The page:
and set in motion the rationalization of existing courses approved by Senate for implementation in August 2017.
in line with the University’s strategic priority of providing These include Bachelor of Industrial Design and Bachelor
relevant and quality programmes. Most importantly, of Design Education that are offered by the Faculty of
external stakeholders’ input in terms of policymakers, the Engineering and Technology and Bachelor of Pharmacy
private sector and the professions, have been instrumental offered by the Faculty of Health Sciences. A Master in
in guiding the development of new programmes’ content. Research and Public Policy (MRPP) in the Department of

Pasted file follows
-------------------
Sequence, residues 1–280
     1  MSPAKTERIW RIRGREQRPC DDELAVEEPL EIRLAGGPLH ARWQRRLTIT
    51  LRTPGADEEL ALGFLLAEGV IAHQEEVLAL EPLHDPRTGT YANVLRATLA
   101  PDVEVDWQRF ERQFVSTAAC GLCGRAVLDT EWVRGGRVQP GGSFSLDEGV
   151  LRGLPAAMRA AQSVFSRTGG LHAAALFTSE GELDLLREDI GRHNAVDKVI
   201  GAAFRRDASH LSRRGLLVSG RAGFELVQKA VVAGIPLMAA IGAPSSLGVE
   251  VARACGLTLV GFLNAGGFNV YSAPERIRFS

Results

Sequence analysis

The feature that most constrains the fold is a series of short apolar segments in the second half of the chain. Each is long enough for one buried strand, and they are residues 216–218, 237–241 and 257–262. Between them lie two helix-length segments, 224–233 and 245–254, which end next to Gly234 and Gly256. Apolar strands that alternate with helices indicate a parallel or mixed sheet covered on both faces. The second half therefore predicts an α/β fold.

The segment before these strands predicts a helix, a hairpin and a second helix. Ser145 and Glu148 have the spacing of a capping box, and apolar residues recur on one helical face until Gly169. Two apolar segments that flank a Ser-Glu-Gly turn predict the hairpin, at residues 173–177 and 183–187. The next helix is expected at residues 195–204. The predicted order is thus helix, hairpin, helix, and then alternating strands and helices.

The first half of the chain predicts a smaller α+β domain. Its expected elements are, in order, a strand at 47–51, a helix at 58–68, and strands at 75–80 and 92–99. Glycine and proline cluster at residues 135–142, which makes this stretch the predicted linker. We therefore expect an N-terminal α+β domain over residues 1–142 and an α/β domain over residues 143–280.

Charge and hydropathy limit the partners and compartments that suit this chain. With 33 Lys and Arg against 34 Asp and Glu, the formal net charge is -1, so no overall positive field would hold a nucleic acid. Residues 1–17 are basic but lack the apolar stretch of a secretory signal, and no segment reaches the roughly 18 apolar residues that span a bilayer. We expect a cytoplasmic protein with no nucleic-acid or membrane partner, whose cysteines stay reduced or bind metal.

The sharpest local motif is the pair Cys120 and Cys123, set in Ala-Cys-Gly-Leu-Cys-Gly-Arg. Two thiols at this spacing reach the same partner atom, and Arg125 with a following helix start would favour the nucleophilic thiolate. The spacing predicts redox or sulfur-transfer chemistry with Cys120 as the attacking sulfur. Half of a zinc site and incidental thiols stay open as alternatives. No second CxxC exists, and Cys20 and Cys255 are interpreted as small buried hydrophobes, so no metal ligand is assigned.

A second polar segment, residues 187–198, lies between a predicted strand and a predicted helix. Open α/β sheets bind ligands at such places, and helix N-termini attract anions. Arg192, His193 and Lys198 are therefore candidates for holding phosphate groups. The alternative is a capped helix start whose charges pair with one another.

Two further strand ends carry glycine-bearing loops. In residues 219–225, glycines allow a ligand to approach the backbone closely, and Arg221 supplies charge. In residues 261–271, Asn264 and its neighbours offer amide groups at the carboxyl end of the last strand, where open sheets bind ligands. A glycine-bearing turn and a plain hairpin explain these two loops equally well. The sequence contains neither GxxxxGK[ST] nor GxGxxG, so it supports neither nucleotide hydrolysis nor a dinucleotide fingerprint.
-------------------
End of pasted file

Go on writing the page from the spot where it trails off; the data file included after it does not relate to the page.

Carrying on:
External reviewers ensured quality and relevance to Political and Administrative Studies was approved by the
discipline-specific requirements so that the courses offered University Council to start in August 2017. In addition,
across the University are internationally benchmarked. the School of Graduate Studies introduced seven new
Stakeholders commended that more programmes integrate programmes at Masters and PhD levels during the period
work-based learning such as attachments and internships under review.
to better prepare graduates for the world of work. The
University is thus proud to continue to offer quality and
relevant programmes.

To ensure quality and relevance, all programmes


are externally reviewed and aligned to accreditation
requirements where applicable. The Bachelor Engineering
(Civil) programme, for instance, was reviewed to satisfy
the requirements of the accrediting body, the Engineering
Council of South Africa (ECSA). Also under major review are